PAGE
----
The government picked up the £2 million tab for reconstruction. I was told this was part of a £20 million a year extortion racket that has gradually, over the 25 years of the Troubles, insinuated itself into every nook and cranny of Ulster business life. My informant, who was socking every extra farthing into his own personal escape fund—£10,000, he’s off to the South of France—said that what began as a method of financing IRA operations has now become a cottage industry. The Hibernian mafiosa who run this racket have no other marketable skills, and that’s why he saw no end to the turbulence.
I made arrangements to meet the poet James Simmons at Lisburn City Hall on his lunch break from teaching a course at Maze prison, a facility first built to accommodate IRA internees. We never met because they close down City Hall now during lunch to minimize security problems—as a policeman taking bulletproof vests and riot shields out of the trunk of his car told me.
Belfast itself seems to shut down around midnight, a vestige of the 8 p.m.-7 a.m. curfew of the 1970s. Walking around downtown on a Sunday morning is a foretaste of an Apocalypse—there are movable barriers everywhere, purple signs advising everyone not to stop there. It is a police state in every sense of the word.
And yet the new infrastructure and new public housing bespeak a prosperity that is sadly at odds with realities. I happened upon a late-night Christmas party (I mean late—they were still going at six a.m.) of airport rental car managers in the lobby of the Novotel. I can only say they seemed to be a bunch of psychiatric cases, so shell-shocked were they. Younger people seem pathetically eager to talk with Americans, and when I casually told the British Midlands staff how much I enjoyed my visit their reply was, “How soon will you come back?” Not “Come back soon.”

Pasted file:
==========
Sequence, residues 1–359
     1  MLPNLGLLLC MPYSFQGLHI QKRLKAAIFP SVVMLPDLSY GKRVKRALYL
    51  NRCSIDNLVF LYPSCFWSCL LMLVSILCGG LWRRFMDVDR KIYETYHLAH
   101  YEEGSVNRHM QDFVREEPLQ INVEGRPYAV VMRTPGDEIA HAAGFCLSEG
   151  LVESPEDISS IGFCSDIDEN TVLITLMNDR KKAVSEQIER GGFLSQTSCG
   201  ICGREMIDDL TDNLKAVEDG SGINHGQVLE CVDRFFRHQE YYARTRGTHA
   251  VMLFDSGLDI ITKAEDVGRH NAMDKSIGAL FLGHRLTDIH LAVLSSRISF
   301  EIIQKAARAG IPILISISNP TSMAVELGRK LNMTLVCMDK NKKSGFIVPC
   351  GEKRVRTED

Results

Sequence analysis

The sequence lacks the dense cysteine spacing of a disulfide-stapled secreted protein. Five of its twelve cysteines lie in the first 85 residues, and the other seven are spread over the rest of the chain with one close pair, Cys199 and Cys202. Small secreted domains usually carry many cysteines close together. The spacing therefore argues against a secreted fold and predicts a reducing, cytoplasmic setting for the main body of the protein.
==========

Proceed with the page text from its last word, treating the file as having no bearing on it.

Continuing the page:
Poor old St. Pat would have his hands full driving such writhing snakes out of Ulster. Yet oddly, the Ulster Museum exhibition inadvertently shows a way out, at the same time being a marvelous gloss on what pitifully little is actually known about the British Roman of noble birth who, at age 16, was kidnapped into Ireland as a slave.
Tradition has it that he died in 493 A.D., so this was a 1500th anniversary celebration. The most striking insight of the exhibition was that the cult of St. Patrick was begun in 1088 by an invading Norman noble who wanted to pacify his unruly subjects.